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Powell's Q&A

Jane Hamilton

Describe your latest project.
I went to see Adam Guettel's musical The Light in the Piazza — based on the Elizabeth Spencer novella — when it was playing in Chicago a few years back. Later, I went to see it in New York, again. (I would like to have this play as wallpaper in my kitchen, something you could look at every day.) At the New York production I was sitting next to an enormous woman, a heavy breather. Although we were strangers to each other, after every song she turned to me, gripped my arm with her large strong hand, leaned into me, and breathed, OHMYGOD. Opinions vary about this play but I too am in the OMYGOD camp. The Chicago production, especially, took my breath away. Victoria Clark knocked the wind out of me. So, that first time, I went home and thought, What happens after the action of the play? Every story, so said someone, can be happy; it all depends at which point the storyteller ends his narrative. After seeing the play my wish to write a book that extended The Light in the Piazza story, coupled with my wish to write about a happy marriage, plus write a book that deals with war came together in the mysterious and curious way books come into being.

  1. When Madeline Was Young
  2. Disobedience
    $3.50 Used Trade Paper add to wishlist


    Jane Hamilton

  3. A Map of the World
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    A Map of the World

    Jane Hamilton

  4. The Book of Ruth
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    The Book of Ruth

    Jane Hamilton

Introduce one other author you think people should read, and suggest a good book with which to start.
The poet Marianne Boruch. I was at a reading of a large number of poets recently, all fine poets, but there were maybe five good poems in the evening and possibly one great poem. It's just about impossible, it seems to me, to write a great poem. Marianne Boruch is the genuine article. Read Moss Burning. Her essay collections are also lovely and deep.

Offer a favorite sentence or passage from another writer.
"I'm going to marry you till you puke."
Lorrie Moore, "Terrific Mother" [found in the collection Birds of America]

How did the last good book you read end up in your hands and why did you read it?
Paul Ingrim, one of the world's greatest booksellers, occasionally calls me up. He works at Prairie Lights in Iowa City. "Jane," he urges in his low and urgently growly voice, "You have to read The Girls by Lori Lansens."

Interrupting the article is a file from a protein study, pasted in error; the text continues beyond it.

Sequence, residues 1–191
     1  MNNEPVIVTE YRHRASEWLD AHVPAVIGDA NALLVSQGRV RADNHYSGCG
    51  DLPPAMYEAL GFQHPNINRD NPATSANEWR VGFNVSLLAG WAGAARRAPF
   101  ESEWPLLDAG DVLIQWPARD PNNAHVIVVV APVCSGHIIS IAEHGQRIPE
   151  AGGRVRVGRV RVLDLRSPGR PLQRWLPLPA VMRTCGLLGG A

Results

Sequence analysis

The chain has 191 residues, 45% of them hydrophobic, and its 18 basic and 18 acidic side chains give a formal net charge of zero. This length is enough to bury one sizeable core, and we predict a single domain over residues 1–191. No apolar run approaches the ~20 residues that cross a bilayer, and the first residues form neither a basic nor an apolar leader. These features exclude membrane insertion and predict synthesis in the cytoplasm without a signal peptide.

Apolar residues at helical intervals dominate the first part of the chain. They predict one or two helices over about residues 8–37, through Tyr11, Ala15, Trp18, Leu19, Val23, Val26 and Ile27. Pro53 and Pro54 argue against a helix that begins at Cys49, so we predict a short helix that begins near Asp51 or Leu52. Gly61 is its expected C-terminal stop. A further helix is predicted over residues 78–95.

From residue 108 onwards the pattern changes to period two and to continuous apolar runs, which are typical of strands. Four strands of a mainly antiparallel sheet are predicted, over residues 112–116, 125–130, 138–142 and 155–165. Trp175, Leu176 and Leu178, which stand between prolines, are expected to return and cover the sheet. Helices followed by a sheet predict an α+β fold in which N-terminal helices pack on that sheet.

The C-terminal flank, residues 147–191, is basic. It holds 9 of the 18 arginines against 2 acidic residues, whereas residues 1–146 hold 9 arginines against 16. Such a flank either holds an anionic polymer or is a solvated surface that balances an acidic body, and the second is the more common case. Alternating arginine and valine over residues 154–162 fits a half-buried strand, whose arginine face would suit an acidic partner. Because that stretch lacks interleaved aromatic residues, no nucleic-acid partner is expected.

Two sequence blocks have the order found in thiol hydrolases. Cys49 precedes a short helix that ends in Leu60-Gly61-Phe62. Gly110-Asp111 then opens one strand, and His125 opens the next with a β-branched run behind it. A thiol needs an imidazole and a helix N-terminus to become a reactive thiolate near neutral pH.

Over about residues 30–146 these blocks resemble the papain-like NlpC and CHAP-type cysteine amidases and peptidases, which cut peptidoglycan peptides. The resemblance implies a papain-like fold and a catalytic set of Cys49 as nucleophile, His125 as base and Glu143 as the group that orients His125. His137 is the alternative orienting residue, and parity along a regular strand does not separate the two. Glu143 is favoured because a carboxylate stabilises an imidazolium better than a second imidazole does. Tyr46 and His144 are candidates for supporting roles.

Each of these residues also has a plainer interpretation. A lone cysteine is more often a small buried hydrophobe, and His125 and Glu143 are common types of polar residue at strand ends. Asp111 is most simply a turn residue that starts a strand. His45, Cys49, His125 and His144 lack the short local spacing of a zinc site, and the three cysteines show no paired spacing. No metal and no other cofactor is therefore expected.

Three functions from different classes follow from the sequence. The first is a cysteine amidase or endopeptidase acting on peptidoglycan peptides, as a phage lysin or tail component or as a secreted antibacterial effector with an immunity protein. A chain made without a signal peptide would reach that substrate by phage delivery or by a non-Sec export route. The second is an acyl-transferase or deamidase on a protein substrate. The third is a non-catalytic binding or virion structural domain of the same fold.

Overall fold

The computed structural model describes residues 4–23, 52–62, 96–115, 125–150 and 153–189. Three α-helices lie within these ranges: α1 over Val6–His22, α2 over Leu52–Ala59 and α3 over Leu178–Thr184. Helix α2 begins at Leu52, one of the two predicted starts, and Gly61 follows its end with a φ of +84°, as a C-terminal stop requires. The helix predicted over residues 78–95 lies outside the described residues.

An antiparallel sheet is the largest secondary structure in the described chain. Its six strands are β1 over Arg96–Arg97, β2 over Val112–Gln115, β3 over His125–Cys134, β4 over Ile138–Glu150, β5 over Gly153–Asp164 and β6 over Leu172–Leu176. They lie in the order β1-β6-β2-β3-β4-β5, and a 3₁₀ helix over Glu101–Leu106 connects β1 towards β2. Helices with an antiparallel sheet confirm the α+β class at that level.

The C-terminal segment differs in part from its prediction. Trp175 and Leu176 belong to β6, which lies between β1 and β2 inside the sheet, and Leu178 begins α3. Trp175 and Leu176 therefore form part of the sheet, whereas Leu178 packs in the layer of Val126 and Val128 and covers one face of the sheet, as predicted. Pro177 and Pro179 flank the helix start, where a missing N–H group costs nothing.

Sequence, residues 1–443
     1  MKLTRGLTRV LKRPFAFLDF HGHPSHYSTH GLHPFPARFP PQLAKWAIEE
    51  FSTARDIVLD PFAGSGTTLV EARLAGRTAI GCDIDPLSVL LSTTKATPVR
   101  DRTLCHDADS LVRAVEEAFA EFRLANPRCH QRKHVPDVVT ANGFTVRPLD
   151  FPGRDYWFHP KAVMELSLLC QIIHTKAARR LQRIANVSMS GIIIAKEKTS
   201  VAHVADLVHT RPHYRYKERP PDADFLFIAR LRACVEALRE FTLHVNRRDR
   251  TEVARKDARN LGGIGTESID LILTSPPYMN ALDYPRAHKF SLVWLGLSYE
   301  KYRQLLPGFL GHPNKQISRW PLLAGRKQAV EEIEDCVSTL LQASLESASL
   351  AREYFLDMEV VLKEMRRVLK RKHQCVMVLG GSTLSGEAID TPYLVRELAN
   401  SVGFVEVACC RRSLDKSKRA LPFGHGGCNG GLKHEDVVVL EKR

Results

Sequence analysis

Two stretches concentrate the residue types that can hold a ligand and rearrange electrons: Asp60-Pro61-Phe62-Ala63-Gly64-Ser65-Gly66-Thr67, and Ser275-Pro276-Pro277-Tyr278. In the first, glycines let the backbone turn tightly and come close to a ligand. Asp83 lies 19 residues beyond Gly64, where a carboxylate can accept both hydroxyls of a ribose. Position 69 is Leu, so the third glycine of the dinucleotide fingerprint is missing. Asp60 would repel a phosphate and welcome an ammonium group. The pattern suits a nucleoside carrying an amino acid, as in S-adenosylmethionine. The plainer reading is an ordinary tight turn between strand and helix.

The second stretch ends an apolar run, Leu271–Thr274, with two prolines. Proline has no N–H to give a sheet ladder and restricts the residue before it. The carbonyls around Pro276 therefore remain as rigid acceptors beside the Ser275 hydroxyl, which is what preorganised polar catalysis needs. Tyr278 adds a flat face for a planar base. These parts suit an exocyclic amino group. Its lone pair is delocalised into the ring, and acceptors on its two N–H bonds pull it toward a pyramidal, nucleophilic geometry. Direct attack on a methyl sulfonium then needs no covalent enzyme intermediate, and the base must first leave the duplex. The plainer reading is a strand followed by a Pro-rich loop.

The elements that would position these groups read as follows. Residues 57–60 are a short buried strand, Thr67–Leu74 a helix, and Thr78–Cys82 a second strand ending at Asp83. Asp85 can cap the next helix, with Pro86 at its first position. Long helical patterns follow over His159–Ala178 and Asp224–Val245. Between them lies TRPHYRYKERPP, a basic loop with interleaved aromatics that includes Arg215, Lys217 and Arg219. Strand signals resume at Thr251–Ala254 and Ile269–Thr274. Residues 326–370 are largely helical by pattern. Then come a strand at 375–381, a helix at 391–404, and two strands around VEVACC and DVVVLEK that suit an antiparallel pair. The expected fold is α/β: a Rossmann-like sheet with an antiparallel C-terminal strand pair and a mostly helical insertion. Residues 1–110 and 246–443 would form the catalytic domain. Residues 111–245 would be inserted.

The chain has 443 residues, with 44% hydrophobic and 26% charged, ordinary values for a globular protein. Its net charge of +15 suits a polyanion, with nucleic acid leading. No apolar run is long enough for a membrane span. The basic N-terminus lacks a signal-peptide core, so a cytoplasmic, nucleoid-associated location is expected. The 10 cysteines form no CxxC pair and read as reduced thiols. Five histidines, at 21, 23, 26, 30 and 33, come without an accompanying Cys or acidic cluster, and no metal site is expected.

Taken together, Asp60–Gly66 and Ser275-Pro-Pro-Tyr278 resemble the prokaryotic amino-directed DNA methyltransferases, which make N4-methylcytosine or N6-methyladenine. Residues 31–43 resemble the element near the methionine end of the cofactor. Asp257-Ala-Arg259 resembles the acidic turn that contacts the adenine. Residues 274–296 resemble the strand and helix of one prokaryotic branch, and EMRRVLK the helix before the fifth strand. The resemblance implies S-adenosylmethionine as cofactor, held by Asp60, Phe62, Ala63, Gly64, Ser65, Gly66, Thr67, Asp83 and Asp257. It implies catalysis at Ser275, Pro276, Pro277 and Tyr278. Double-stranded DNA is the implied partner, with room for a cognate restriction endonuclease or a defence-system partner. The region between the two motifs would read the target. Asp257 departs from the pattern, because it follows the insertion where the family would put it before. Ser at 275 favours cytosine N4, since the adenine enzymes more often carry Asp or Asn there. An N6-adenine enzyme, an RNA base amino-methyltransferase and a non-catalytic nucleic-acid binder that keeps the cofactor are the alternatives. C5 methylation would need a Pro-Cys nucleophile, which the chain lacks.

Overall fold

It is a lovely, funny, insightful and wonderful book. When Paul calls, I read.

Share an interesting experience you've had with one of your readers.
When I was growing up, the children's librarian at the Oak Park Public Library was Mrs. Finch. She was always at the library, as far as I knew, reading books because she loved them and also because she loved us, her short patrons. She always knew exactly what I would want to read. She was different from a parent, a teacher; this was before most children went as a matter of course to a therapist but perhaps she was quite like a beloved therapist. She seemed to know me in a way that no one else did. I knew she understood all the ways in which I was good and also bad, and that she loved me with unconditional love — a love that was augmented with that deep knowledge she had of me, something my parents naturally did not have. Years, decades passed. I was doing a reading at a Borders outside of Chicago. A small, wizened woman approached the desk. "Do you know who I am?" said she. I couldn't think. I didn't know. There was something familiar about her, yes, but most persons look familiar to me these days. "I'm Mrs. Dyllus Finch." I leapt up. "But, but, but..." I blurted foolishly, "I thought you were dead!" She was quite alive at 94. It was so good to see her, to be able to tell her that she had been important and dear to me through those years that at the time seemed as if they would go on and on. spacer

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